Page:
The making of green steel in the EU: a policy evaluation for the early commercialization phase

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T1 - The making of green steel in the EU

T2 - a policy evaluation for the early commercialization phase

AU - Vogl, Valentin

AU - Åhman, Max

AU - Nilsson, Lars J.

PY - 2020/8/11

Y1 - 2020/8/11

N2 - In the attempt to reduce greenhouse gas emissions from steel production, several large industry decarbonization projects have emerged in Europe. The commercialization of low-emission steel technology, however, faces systemic barriers such as a lack of infrastructure and unclear demand for greener steel. As part of its new commitment to climate-neutrality, the European Commission has announced plans to more actively create and reshape markets for green basic materials. The approach is inspired by the recent success story of renewable energy, where market interventionist policy has successfully led to cost reductions and supported the diffusion of wind and photovoltaics. However, the applicability of this type of policy to decarbonize basic materials has so far not been investigated. In this study, we evaluate the effectiveness, feasibility, efficiency and fairness of early commercialization policy support for the decarbonization transition of steel. We compare two approaches: demand side market creation and direct production subsidies through carbon contracts for difference. We find that the subsidy approach can more effectively enable the realization of primary green steel production. A complementary use of market creation policy instruments can reduce the production subsidy volumes needed and aid the global diffusion of new production methods. Although effective, we find that production subsidies will distribute the costs and benefits of the transition unequally. In order to improve effectiveness and fairness of the policy, parallel programmes such as electricity price guarantees and transitional assistance policies for disadvantaged regions are needed. Key policy insights Carbon contracts for difference are the most promising policy instrument to commercialize low-emission primary steel but are likely to lead to unequal distribution of transition costs. Market creation policies can support the global diffusion of low-emission primary steelmaking. Material efficiency and demand reduction can reduce the need for primary steel production by more than 50%. Regions without access to large amounts of renewable electricity are especially disadvantaged. Unclear EU ETS benchmarks currently create a perverse incentive that keeps firms from investing in breakthrough technologies.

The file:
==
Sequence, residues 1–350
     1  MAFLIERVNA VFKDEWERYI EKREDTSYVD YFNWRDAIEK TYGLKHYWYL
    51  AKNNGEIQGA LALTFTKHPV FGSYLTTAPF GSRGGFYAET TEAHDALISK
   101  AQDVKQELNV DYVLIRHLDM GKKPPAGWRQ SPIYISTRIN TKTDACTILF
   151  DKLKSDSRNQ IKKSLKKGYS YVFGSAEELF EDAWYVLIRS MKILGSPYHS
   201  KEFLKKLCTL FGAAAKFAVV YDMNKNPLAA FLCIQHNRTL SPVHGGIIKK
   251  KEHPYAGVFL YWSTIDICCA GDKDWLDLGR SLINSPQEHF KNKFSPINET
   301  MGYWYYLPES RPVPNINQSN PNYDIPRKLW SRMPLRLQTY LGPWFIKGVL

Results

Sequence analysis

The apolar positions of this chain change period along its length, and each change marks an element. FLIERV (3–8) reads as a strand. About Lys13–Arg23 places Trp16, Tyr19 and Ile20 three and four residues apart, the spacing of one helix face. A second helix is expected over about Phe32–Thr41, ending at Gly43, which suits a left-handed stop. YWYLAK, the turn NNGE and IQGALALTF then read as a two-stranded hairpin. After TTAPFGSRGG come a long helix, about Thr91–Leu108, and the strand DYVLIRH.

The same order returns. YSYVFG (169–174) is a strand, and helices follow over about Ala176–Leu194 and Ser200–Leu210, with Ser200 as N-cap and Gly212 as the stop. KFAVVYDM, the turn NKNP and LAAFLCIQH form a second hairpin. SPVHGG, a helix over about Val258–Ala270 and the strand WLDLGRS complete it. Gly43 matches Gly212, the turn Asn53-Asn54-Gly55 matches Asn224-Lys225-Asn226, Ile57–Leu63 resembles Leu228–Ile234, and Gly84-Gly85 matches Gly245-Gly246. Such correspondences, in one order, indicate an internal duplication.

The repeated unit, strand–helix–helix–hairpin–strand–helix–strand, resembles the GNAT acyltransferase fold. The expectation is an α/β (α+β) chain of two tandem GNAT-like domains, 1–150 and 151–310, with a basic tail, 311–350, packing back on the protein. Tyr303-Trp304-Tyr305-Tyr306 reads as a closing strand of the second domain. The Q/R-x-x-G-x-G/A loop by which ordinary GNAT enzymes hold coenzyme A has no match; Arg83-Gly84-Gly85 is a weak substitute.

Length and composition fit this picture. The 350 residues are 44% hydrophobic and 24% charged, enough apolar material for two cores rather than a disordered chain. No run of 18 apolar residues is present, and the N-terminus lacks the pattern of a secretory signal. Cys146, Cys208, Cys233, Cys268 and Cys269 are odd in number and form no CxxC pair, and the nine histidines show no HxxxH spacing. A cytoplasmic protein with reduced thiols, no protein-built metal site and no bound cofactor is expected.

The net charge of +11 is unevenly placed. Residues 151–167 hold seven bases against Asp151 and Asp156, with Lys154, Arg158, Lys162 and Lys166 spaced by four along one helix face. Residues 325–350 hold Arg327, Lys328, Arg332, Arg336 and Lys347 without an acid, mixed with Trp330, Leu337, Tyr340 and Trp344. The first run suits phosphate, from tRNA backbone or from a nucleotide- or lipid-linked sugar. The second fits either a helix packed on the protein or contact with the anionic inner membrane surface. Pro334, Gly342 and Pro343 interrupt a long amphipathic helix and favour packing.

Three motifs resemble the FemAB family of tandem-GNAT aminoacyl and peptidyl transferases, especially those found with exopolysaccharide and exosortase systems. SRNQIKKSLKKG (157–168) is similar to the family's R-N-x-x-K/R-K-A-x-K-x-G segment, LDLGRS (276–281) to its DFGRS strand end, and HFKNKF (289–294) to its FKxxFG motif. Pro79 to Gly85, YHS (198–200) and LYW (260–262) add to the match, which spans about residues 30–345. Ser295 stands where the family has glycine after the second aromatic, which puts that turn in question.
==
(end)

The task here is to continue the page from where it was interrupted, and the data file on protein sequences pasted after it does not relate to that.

AB - In the attempt to reduce greenhouse gas emissions from steel production, several large industry decarbonization projects have emerged in Europe. The commercialization of low-emission steel technology, however, faces systemic barriers such as a lack of infrastructure and unclear demand for greener steel. As part of its new commitment to climate-neutrality, the European Commission has announced plans to more actively create and reshape markets for green basic materials. The approach is inspired by the recent success story of renewable energy, where market interventionist policy has successfully led to cost reductions and supported the diffusion of wind and photovoltaics. However, the applicability of this type of policy to decarbonize basic materials has so far not been investigated. In this study, we evaluate the effectiveness, feasibility, efficiency and fairness of early commercialization policy support for the decarbonization transition of steel. We compare two approaches: demand side market creation and direct production subsidies through carbon contracts for difference. We find that the subsidy approach can more effectively enable the realization of primary green steel production. A complementary use of market creation policy instruments can reduce the production subsidy volumes needed and aid the global diffusion of new production methods. Although effective, we find that production subsidies will distribute the costs and benefits of the transition unequally. In order to improve effectiveness and fairness of the policy, parallel programmes such as electricity price guarantees and transitional assistance policies for disadvantaged regions are needed. Key policy insights Carbon contracts for difference are the most promising policy instrument to commercialize low-emission primary steel but are likely to lead to unequal distribution of transition costs. Market creation policies can support the global diffusion of low-emission primary steelmaking. Material efficiency and demand reduction can reduce the need for primary steel production by more than 50%. Regions without access to large amounts of renewable electricity are especially disadvantaged. Unclear EU ETS benchmarks currently create a perverse incentive that keeps firms from investing in breakthrough technologies.

KW - Climate policy

KW - decarbonization

KW - energy-intensive industry

KW - EU policy

KW - steel

U2 - 10.1080/14693062.2020.1803040

DO - 10.1080/14693062.2020.1803040

M3 - Article

AN - SCOPUS:85089288615

JO - Climate Policy

JF - Climate Policy

SN - 1469-3062

ER -